The president's directive has placed Republicans on the defensive, with Romney's campaign caught between Hispanic outreach efforts and large segments of the GOP base, which regards the new policy as amnesty.
After Obama’s announcement, Romney offered support for easing deportations but said he believed the decision could make it more difficult to achieve comprehensive immigration reform.
Romney is against the DREAM Act immigration reform proposal, which is overwhelmingly popular among Hispanics — 87 percent support it, according to the poll — and has praised Arizona’s controversial immigration law, the majority of which was struck down by the Supreme Court this week.
A Latino Decisions/America’s Voice poll, also released on Wednesday, shows the challenges facing Romney as he works to build Hispanic support. Forty-two percent of Hispanics surveyed in that poll said Republicans were not concerned about the issues that are important to them, while 31 said the GOP was hostile to issues favored by Hispanics. The poll also found that a majority of Hispanics — 55 percent — know someone who is an undocumented immigrant.
While Obama could be nearing his ceiling of Hispanic support, the NBC/WSJ/Telemundo poll found Hispanics are not as enthusiastic about his candidacy as they were in 2008.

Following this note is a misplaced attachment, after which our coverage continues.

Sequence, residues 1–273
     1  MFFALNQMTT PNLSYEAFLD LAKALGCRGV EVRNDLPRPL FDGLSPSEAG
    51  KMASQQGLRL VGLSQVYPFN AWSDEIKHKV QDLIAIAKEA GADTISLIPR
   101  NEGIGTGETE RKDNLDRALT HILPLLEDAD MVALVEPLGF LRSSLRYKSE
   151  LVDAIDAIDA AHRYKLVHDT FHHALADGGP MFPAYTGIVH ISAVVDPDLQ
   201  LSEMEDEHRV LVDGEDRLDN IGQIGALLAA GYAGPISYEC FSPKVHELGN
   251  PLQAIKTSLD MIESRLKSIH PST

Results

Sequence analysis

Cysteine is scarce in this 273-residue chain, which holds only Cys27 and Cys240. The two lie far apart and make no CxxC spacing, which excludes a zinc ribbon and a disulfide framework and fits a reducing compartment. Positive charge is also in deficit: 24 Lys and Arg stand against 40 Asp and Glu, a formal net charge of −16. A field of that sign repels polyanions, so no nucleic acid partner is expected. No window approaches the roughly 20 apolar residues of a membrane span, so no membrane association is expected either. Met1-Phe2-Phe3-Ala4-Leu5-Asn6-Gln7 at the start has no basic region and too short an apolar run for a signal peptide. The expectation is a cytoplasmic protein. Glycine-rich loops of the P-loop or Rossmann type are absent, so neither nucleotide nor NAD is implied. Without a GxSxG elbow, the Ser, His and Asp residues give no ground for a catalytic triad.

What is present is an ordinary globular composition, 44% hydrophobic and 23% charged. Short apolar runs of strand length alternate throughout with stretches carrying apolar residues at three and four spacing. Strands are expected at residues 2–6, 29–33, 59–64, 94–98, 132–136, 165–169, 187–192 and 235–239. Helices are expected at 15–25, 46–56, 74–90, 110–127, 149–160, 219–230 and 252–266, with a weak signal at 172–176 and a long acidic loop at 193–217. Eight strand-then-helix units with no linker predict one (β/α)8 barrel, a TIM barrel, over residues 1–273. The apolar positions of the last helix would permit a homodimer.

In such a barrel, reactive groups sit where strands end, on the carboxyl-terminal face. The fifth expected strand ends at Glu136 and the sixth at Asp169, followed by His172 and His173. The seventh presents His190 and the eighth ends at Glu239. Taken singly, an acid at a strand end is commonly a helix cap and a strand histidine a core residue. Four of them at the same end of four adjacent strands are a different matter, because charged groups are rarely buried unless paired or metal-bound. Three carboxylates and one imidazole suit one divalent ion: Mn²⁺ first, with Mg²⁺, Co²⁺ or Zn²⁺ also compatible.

Sixty-six percent of Hispanics said they were very enthusiastic, down from 68 last month. The same poll from July of 2008 found 80 percent of Hispanics to be extremely enthusiastic about Obama, and that number grew to 92 by November of that year.
Obama won the Hispanic vote 67 to 31 over Sen. John McCainJohn McCainKasich: 'I think political parties are on their way out' Five fights for Trump’s first year Trump wall faces skepticism on border MORE (R-Ari.) in the 2008 election.
Obama will need to maximize turnout among this key constituency in what is lining up to be a tight election, especially in swing-states like Florida, Virginia, Nevada and Colorado that have large Hispanic populations.
The NBC News/Wall Street Journal/Telemundo poll was conducted from June 20 to 24 and has a 5.7 percent margin of error. The Latino Decisions poll was conducted between June 12 to 21 and has a 2 percent margin of error.